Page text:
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Anyone read "The Road"?

 
 
Reply Thu 28 Jan, 2010 01:13 pm
Good book.
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Type: Question • Score: 11 • Views: 2,081 • Replies: 37
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Joe Nation
 
  1  
Reply Thu 28 Jan, 2010 01:27 pm
I read it in four twenty five rides on the subway. Two on Thursday. Two on a Friday.

Joe(I didn't sleep all weekend.)Nation
CalamityJane
 
  1  
Reply Thu 28 Jan, 2010 01:28 pm
@gustavratzenhofer,
Nope. I recently made it through 800 pages of "The Swarm" - also a science
fiction plot - I need some good suspense now...
gustavratzenhofer
 
  1  
Reply Thu 28 Jan, 2010 01:32 pm
@Joe Nation,
And what did you think, Joe?
gustavratzenhofer
 
  1  
Reply Thu 28 Jan, 2010 01:34 pm
@CalamityJane,
If you are speaking of Michael Crichton's book, well, that was somewhat entertaining, but not one of his best.
dyslexia
 
  1  
Reply Thu 28 Jan, 2010 01:34 pm
@gustavratzenhofer,
no, I don't read.
0 Replies
 
gustavratzenhofer
 
  1  
Reply Thu 28 Jan, 2010 01:36 pm
I will include some comic books in my next post, dys.
djjd62
 
  2  
Reply Thu 28 Jan, 2010 01:44 pm
i listened to the audio book a couple of summers ago, i've got a little fire pit at the back of the property, build a fire and listen to the book

really enjoyed it, it made the 200 yard trip back to the house in the dark a little creepy some nights
gustavratzenhofer
 
  1  
Reply Thu 28 Jan, 2010 01:46 pm
One does enjoy the sun a bit more afterward
0 Replies
 
DrewDad
 
  1  
Reply Thu 28 Jan, 2010 01:53 pm
@gustavratzenhofer,
IMO, The Road sucked ass. Hard.

I've reviewed it elsewhere on this site....
gustavratzenhofer
 
  1  
Reply Thu 28 Jan, 2010 01:59 pm
Thanks, Drew. Give me your review sometime in more depth.
dyslexia
 
  1  
Reply Thu 28 Jan, 2010 02:01 pm
@gustavratzenhofer,
my favirite would be Nancy and Sluggo.
0 Replies
 
DrewDad
 
  1  
Reply Thu 28 Jan, 2010 02:01 pm
@DrewDad,
http://able2know.org/topic/128266-2#post-3543997

I've heard it described as:

"Are we there yet?"

"Are we there yet?"

"Are we there yet?"

"Shut up, or I'll turn this shopping cart around!"
DrewDad
 
  2  
Reply Thu 28 Jan, 2010 02:01 pm
@gustavratzenhofer,
The best thing about the book is that it's short. The worst thing is that it's pedestrian. I will admit that McCarthy's use of language is excellent. Read it if you love words like "loess."

I would recommend this book to: people I don't like.
gustavratzenhofer
 
  1  
Reply Thu 28 Jan, 2010 02:38 pm
I liked it because the writing stayed close to that of Sidney Sheldon
0 Replies
 
Gargamel
 
  1  
Reply Thu 28 Jan, 2010 02:38 pm
@DrewDad,
DrewDad wrote:
The worst thing is that it's pedestrian. I will admit that McCarthy's use of language is excellent.


It seems to me these two sentences are at odds.
DrewDad
 
  1  
Reply Thu 28 Jan, 2010 02:49 pm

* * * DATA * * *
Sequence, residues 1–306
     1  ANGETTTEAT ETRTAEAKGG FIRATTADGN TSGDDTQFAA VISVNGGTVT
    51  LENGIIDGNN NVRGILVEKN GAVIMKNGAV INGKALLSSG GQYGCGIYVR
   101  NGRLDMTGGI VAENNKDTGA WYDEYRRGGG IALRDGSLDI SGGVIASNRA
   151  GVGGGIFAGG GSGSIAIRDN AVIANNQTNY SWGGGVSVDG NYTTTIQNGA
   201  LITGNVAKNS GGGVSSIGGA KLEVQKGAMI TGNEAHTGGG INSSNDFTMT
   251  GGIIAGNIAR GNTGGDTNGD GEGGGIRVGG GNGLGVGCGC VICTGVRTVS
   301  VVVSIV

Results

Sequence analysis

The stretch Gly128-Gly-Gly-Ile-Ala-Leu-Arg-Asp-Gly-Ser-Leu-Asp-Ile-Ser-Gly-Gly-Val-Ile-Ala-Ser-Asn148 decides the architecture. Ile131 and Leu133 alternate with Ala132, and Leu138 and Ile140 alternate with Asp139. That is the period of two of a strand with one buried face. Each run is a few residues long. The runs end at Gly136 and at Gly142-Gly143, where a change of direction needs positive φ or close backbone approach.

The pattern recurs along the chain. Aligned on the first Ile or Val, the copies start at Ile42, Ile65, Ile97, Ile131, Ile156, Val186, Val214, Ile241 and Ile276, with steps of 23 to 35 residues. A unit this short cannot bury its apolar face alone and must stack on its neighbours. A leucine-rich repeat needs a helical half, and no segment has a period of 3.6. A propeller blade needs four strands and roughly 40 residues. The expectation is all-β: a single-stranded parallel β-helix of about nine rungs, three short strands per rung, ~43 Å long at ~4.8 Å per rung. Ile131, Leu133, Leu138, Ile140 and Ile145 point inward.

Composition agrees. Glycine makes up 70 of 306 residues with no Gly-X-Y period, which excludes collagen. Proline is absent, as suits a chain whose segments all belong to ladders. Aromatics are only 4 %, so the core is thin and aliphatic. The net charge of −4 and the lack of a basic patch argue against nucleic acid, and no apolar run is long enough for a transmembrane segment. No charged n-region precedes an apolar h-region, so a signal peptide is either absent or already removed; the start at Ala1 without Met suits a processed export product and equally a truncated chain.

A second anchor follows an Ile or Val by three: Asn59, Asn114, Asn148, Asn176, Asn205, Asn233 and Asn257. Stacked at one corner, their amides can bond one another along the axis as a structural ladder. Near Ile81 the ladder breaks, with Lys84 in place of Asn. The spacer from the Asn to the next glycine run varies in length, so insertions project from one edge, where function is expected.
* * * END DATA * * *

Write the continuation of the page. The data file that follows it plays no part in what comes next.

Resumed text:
@Gargamel,
Gargamel wrote:
DrewDad wrote:
The worst thing is that it's pedestrian. I will admit that McCarthy's use of language is excellent.
It seems to me these two sentences are at odds.

He knows his vocabulary, but that doesn't make a good story.
0 Replies
 
farmerman
 
  1  
Reply Thu 28 Jan, 2010 03:12 pm
@gustavratzenhofer,
listened to it on tape.
0 Replies
 
Gargamel
 
  1  
Reply Thu 28 Jan, 2010 03:22 pm
@DrewDad,
DrewDad wrote:

http://able2know.org/topic/128266-2#post-3543997

I've heard it described as:

"Are we there yet?"

"Are we there yet?"

"Are we there yet?"

"Shut up, or I'll turn this shopping cart around!"


Its alleged lack of plot is its greatest achievement, I think. For a number of reasons. But primarily because anyone arguing that nothing happens in The Road should be expected to explain what should happen. What should they do, besides walk? If they sit still they die. Surviving, existing in McCarthy's post-apocalypse, means walking. So what else should they do? McCarthy is in essence prompting the you, the reader, to ask yourself what you would do if the world ended. And so when you wonder, "What is the point of this?" you are asking the novel's operative question. A heavy one at that. Why go on? What will we find at the ocean? It's a question we often ask ourselves now, pre-apocalypse.
DrewDad
 
  1  
Reply Thu 28 Jan, 2010 03:26 pm
@Gargamel,
All of which is destroyed in the end by deus ex machina when the child is rescued.

I get the metaphors. The cold is the lack of human warmth. The cannibalism is about modern society. What's the deus ex machina about then? "Let's give folks the happy ending; we'll make fun of the reader but clever readers will be in on the joke." I didn't like it in Pulp Fiction and I don't like it here.

Seriously, there are better disaster books, better father-son books, better survival books, and better cookbooks.
 

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